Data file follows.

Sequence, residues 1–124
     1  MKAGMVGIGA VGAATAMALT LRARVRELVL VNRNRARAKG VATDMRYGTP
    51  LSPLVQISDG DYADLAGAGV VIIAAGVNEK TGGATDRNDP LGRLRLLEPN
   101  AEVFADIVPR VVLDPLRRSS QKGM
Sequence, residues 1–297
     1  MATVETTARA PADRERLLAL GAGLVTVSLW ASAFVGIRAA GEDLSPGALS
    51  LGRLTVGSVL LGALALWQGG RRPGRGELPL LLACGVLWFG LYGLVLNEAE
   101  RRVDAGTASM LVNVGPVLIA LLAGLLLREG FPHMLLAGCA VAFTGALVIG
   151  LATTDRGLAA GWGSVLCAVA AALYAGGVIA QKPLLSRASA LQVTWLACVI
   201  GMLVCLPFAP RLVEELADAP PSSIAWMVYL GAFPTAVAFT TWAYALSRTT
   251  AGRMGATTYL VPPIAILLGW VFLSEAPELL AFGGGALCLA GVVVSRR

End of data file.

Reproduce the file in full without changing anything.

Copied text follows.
Sequence, residues 1–124
     1  MKAGMVGIGA VGAATAMALT LRARVRELVL VNRNRARAKG VATDMRYGTP
    51  LSPLVQISDG DYADLAGAGV VIIAAGVNEK TGGATDRNDP LGRLRLLEPN
   101  AEVFADIVPR VVLDPLRRSS QKGM
Sequence, residues 1–297
     1  MATVETTARA PADRERLLAL GAGLVTVSLW ASAFVGIRAA GEDLSPGALS
    51  LGRLTVGSVL LGALALWQGG RRPGRGELPL LLACGVLWFG LYGLVLNEAE
   101  RRVDAGTASM LVNVGPVLIA LLAGLLLREG FPHMLLAGCA VAFTGALVIG
   151  LATTDRGLAA GWGSVLCAVA AALYAGGVIA QKPLLSRASA LQVTWLACVI
   201  GMLVCLPFAP RLVEELADAP PSSIAWMVYL GAFPTAVAFT TWAYALSRTT
   251  AGRMGATTYL VPPIAILLGW VFLSEAPELL AFGGGALCLA GVVVSRR